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Landmark free speech case holds that employees can be sacked over political social media posts

Aug 7, 2019Update

A new ruling from the high court has meant that public servants can be held accountable and fired for social media posts which don’t reflect well on their employer. 

Michaela Banerji was fired from her post at the Department of Immigration and Border Protection for creating an anonymous Twitter account critical of government policies. After she was linked to the account following an internal investigation, she was fired unlawfully – or so she thought.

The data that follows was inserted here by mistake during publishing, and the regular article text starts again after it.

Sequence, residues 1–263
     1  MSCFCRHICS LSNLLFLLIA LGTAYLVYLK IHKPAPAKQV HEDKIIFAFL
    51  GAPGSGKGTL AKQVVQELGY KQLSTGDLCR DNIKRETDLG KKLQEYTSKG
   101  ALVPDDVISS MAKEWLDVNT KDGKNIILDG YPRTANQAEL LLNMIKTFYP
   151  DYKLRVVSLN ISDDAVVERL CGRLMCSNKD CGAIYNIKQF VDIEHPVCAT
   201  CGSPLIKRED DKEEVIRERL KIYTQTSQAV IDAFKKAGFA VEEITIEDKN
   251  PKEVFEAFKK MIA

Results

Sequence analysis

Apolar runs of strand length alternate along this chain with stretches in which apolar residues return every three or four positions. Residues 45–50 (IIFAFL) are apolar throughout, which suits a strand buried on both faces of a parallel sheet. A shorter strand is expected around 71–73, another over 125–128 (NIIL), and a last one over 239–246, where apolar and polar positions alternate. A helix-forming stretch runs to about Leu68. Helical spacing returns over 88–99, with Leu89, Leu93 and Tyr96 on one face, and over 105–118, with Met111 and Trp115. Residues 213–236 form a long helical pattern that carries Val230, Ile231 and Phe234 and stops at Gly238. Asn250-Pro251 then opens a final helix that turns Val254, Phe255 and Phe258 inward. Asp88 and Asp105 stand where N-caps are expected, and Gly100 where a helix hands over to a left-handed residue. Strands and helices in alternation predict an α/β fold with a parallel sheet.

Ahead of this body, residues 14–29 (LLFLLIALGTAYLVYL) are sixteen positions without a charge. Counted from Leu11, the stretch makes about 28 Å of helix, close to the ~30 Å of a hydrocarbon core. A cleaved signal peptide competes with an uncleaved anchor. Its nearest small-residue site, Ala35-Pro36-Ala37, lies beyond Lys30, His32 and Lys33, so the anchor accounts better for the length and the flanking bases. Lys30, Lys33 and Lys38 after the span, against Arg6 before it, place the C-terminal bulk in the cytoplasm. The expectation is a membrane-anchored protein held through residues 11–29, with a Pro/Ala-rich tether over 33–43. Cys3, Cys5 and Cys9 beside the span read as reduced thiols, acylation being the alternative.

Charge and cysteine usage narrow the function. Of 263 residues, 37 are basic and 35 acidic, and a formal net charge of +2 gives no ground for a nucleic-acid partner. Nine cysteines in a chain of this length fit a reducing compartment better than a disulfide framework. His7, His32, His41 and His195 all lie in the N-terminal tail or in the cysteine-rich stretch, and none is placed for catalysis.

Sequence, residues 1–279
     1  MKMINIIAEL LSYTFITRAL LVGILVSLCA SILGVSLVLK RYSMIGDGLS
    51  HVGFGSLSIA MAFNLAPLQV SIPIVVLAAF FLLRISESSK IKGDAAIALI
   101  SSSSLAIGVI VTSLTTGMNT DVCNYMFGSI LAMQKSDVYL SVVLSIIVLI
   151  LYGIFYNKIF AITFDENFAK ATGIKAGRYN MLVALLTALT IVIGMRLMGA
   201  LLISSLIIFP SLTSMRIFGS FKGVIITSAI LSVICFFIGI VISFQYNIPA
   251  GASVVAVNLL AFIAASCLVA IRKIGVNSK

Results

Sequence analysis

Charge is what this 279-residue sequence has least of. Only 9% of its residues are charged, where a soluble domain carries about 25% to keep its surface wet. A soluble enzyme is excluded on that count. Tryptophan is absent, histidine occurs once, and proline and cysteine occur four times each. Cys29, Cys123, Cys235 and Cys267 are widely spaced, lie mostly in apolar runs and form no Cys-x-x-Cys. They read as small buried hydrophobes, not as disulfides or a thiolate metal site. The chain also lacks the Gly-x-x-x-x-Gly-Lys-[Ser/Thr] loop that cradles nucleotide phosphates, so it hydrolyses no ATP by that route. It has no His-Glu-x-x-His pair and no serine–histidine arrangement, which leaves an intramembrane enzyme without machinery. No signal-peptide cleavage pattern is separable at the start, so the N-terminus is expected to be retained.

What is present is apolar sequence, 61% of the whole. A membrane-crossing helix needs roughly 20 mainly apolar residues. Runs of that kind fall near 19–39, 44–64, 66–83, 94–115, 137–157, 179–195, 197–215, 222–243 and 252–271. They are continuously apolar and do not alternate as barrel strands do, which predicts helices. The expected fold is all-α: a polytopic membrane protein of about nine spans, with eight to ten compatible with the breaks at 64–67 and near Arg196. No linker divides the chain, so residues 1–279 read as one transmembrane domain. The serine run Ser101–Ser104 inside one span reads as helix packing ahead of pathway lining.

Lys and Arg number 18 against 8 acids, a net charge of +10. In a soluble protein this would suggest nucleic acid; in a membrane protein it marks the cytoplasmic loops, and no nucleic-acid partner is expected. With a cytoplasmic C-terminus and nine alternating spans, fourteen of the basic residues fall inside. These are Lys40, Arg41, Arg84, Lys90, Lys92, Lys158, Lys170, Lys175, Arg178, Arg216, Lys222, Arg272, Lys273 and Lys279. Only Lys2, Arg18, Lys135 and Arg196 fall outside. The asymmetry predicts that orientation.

Though her initial appeal held that she had a right to free speech and shouldn’t have been sacked, the high court ruled otherwise in this landmark free speech case today.

RTBU Loco Division Secretary Bob Hayden said, “this case has enormous implications for members of the Loco division. This doesn’t just affect public servants but potentially any employer-employee relationship where workers are publicly critical of their employer’s response to a politically charged issue.”

“It’s important for members to be careful of what they post. Everything can be traced back to you even if you think it’s anonymous. We don’t want to see anyone sacked for something they tweeted or commented online.”

Please click here to view the full story on The Guardian.